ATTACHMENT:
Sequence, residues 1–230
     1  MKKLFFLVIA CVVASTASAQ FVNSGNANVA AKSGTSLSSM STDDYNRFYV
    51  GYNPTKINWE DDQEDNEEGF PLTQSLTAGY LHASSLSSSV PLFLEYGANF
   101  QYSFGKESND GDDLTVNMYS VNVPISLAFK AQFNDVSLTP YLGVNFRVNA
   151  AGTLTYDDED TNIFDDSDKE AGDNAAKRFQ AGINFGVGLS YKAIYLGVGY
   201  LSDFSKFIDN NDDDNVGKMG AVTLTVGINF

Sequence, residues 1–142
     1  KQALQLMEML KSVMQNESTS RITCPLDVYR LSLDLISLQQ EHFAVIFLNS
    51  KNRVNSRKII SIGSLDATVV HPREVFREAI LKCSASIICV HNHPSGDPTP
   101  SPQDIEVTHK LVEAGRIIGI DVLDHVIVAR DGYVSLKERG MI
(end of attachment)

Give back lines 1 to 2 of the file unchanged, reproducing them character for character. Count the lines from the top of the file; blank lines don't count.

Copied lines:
Sequence, residues 1–230
     1  MKKLFFLVIA CVVASTASAQ FVNSGNANVA AKSGTSLSSM STDDYNRFYV